But for Woods, everywhere he plays, everything he does, is geared toward the majors.
Ultimately, thats where the greatest players are measured.
CareerBuilder purse payouts: Rahm wins $1.06 million
Jon Rahm defeated Andrew Landry on the fourth hole of sudden death to win the CareerBuilder Challenger. Here's a look at how the purse was paid out in La Quinta, Calif.:
|T20||Charles Howell III||-14||$57,754|
|T36||Tyrone Van Aswegen||-12||$27,189|
|T69||Billy Hurley III||-6||$11,623|
After Further Review: Tiger's return comes at perfect time
Each week, GolfChannel.com takes a look back at the week in golf. Here's what's weighing on our writers' minds.
On the current state of golf as Tiger Woods returns to competition ...
Less than four days before Tiger Woods returns to official competitive golf for the first time in a year, Jon Rahm, the new second-ranked player in the world, won on the PGA Tour and Rory McIlroy made an impressive 2018 debut on the European Tour (T-3).
Not since Ben Hogan, Arnold Palmer and Jack Nicklaus crossed paths at the 1960 U.S. Open has there been so many superstars all poised for big seasons, with world No. 1 Dustin Johnson having already won this year and Jordan Spieth and Justin Thomas both coming off stellar seasons.
It’s a good time for golf. - Rex Hoggard
On Tommy Fleetwood's continued success ...
There have been scores of talented European players whose skills didn’t translate to the PGA Tour … and maybe, in a few years, Tommy Fleetwood will prove to be no different.
He sure looks like the real deal, though.
His title defense in Abu Dhabi – on the strength of a back-nine 30 in windy conditions – was his third title in the past 12 months and 11th top-10 overall. A few of those have come in majors and World Golf Championship events, too, which led the reigning Race to Dubai champion to accept PGA Tour membership for this season.
Beginning at Riviera, he plans to play exclusively in the States through May, then reassess for the rest of the year. Hope he sticks, because he’s a fun personality with tons of game. - Ryan Lavner
Rahm passes Spieth to become world No. 2
With his win Sunday at the CareerBuilder Challenge, Jon Rahm picked up his second PGA Tour victory and moved to No. 2 in the FedExCup points standings.
He picked up one more No. 2, too.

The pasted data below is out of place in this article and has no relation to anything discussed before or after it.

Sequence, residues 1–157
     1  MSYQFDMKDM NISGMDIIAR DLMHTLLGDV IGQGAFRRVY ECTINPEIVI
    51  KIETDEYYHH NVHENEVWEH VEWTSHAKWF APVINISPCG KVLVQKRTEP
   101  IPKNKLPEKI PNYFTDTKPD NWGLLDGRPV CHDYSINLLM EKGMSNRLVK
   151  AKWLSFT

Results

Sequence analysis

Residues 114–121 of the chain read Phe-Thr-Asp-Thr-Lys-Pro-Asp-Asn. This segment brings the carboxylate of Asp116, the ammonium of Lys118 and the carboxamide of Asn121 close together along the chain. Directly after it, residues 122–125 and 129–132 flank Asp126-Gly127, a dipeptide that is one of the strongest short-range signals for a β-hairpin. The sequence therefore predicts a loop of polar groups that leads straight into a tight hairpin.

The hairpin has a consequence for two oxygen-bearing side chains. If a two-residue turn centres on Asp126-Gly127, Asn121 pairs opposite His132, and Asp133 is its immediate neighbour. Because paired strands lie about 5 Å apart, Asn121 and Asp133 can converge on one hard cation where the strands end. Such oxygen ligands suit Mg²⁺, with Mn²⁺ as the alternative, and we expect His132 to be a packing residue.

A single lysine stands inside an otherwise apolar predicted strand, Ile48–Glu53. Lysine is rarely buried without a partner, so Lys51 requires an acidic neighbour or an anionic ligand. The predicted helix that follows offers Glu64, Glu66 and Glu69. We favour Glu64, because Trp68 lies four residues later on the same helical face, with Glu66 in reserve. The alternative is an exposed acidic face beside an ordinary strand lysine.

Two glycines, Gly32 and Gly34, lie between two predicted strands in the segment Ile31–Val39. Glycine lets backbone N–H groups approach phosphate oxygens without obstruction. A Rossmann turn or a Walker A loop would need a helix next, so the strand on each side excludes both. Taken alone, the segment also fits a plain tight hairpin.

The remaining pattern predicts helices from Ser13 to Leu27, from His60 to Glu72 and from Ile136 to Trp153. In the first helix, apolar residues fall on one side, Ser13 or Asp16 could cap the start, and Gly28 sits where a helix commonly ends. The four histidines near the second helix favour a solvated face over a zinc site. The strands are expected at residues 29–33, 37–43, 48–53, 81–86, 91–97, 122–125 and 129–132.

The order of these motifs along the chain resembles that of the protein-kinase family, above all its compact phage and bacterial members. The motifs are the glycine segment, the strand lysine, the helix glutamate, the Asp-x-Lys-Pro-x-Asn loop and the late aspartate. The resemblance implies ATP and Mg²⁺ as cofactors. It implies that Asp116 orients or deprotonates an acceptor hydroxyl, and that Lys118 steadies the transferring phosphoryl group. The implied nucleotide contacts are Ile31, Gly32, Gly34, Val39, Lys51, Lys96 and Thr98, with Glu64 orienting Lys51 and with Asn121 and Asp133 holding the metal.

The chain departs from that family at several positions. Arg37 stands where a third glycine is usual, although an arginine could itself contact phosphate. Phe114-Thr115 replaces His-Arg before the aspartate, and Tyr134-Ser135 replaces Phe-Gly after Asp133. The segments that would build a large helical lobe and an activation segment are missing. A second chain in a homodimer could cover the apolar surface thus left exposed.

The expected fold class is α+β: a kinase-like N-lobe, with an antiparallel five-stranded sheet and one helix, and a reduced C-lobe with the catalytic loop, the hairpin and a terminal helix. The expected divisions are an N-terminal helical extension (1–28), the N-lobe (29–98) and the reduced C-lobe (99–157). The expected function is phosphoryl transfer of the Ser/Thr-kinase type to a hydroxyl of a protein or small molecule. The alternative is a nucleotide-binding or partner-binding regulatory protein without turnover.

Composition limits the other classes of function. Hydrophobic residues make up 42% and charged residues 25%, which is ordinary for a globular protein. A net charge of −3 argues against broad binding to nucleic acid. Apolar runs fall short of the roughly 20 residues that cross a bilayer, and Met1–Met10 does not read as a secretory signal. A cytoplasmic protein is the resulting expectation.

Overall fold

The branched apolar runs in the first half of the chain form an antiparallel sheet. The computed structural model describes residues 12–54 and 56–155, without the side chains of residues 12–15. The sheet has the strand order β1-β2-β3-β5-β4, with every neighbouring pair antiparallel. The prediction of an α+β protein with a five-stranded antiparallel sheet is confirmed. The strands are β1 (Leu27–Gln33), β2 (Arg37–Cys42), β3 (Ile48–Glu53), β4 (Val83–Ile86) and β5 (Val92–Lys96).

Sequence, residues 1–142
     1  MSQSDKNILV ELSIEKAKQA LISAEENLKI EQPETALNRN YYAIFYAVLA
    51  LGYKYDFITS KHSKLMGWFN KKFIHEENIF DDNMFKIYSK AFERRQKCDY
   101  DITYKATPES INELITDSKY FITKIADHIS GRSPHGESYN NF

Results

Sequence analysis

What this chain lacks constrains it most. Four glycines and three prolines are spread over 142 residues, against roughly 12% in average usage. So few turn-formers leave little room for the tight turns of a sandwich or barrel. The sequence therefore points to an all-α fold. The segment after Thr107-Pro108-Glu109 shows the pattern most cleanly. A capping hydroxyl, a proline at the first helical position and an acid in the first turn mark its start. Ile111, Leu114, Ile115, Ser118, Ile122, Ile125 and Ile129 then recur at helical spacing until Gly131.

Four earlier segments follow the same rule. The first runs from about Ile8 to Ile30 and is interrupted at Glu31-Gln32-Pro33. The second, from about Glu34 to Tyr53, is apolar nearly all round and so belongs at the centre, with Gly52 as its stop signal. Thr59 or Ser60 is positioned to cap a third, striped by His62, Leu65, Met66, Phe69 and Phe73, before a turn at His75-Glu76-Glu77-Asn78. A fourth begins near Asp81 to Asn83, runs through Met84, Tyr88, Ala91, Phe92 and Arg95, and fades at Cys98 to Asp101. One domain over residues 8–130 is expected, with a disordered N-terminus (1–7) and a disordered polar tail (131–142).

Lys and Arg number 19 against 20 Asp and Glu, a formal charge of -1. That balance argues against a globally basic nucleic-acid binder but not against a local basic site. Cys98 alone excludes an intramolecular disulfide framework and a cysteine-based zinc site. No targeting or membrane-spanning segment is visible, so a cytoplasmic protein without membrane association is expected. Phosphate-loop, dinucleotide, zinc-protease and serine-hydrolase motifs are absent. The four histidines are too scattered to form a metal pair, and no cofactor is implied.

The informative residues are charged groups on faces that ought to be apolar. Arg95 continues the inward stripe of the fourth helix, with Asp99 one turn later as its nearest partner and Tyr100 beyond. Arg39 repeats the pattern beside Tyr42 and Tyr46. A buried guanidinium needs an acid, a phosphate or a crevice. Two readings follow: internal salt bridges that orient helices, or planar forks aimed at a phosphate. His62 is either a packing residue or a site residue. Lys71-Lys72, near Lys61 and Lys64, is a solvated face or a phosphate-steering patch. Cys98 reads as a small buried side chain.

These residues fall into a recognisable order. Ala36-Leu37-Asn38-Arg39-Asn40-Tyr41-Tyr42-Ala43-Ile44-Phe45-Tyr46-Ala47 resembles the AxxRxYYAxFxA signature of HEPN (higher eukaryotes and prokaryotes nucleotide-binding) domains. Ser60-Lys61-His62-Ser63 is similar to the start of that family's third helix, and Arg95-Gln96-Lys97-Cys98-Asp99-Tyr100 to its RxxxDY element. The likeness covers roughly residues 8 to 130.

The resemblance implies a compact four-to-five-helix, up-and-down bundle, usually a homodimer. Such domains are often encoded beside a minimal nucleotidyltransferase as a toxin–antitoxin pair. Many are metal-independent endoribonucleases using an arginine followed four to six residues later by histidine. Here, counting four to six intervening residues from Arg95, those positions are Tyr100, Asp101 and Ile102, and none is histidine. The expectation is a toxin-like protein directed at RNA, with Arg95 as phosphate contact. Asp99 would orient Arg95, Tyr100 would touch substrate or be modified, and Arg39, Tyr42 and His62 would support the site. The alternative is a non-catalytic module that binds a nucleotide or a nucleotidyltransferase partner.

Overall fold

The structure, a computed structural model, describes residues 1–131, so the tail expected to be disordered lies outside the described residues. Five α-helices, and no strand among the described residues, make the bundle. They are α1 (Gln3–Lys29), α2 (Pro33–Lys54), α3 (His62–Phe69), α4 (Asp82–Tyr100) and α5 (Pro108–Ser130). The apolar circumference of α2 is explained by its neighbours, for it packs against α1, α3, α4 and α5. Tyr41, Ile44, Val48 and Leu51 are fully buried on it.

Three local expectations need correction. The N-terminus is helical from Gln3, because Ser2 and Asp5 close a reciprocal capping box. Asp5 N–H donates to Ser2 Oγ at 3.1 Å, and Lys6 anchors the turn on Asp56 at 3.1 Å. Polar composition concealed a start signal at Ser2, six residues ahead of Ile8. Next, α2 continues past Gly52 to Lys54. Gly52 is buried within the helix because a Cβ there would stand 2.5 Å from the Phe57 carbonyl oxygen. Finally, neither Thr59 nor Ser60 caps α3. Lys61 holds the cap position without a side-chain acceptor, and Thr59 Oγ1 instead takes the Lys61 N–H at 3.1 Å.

The 23-year-old Spaniard passed Jordan Spieth to move to No. 2 in the Official World Golf Ranking, behind only Dustin Johnson.
In 19 months, since June 2016, Rahm has rocketed from No. 776 in the world to No. 2, thanks in part to his low divisor, his number of events played.
Asked after his playoff victory over Andrew Landry to discuss his rapid ascent up the world rankings, Rahm was almost at a loss.
“It's hard to believe to be honest, passing Jordan Spieth,” he said. “That's a three-time major champion. I only have two wins. He's got 10-plus, right? It's again – I've said it many times – I never thought I was going to be at this point in my life right now.”
Rahm may only have two PGA Tour titles, but this is his fourth worldwide win in the last year, dating back to last season’s Farmers Insurance Open. He also took the Dubai Duty Free Irish Open and the DP World Tour Championship on his way to claiming the European Tour’s 2017 Rookie of the Year Award.
Dating back to the start of last season on the PGA Tour, Rahm has racked up 12 top-10s, three runner-ups, and two wins.
He will head to Torrey Pines next week ready to defend for the first time.
Brady compares self to Woods after winning AFC title
Tom Brady and Tiger Woods are two of the all-time greats in their respective sports ... a fact that is not lost on the five-time Super Bowl winning quarterback.
Fresh off leading the New England Patriots to a AFC Championship victory over the Jacksonville Jaguars, Brady was asked about winning the game despite a cut on his throwing hand - which made national news heading into the matchup.
His response invoked the name of a certain 14-time major winner, something that would be tough to pull off, if not for the fact that he is, you know, Tom Brady.
“I think it's kind of arrogant to say it bothered me when we had a pretty good game, so I wouldn't say that," the 40-year-old told reporters after the game. "It's like when Tiger Woods said, ‘That was my C game’ and he won the tournament."
Tom Brady, postgame, on wearing the wrap on his hand: “I think it's kind of arrogant to say it bothered me when we had a pretty good game, so I wouldn't say that. It's like when Tiger Woods said, ‘That was my C game’ and he won the tournament.”— Ryan Lavner (@RyanLavnerGC) January 22, 2018
Tiger Woods winning with his "C game" may be a distant memory for golf fans, but no matter what game he brings, his next chance to win comes next week at Torrey Pines during his official comeback to the PGA Tour.
Brady has a shot at his sixth Super Bowl title in two weeks. The Patriots would probably benefit from him bringing a little better than his "C game" as well.